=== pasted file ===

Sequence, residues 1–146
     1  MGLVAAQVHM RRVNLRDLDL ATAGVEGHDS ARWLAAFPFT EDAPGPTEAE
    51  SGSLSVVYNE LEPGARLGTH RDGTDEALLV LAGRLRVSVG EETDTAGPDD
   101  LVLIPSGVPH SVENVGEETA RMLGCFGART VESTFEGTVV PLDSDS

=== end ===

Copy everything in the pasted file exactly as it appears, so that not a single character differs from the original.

Sequence, residues 1–146
     1  MGLVAAQVHM RRVNLRDLDL ATAGVEGHDS ARWLAAFPFT EDAPGPTEAE
    51  SGSLSVVYNE LEPGARLGTH RDGTDEALLV LAGRLRVSVG EETDTAGPDD
   101  LVLIPSGVPH SVENVGEETA RMLGCFGART VESTFEGTVV PLDSDS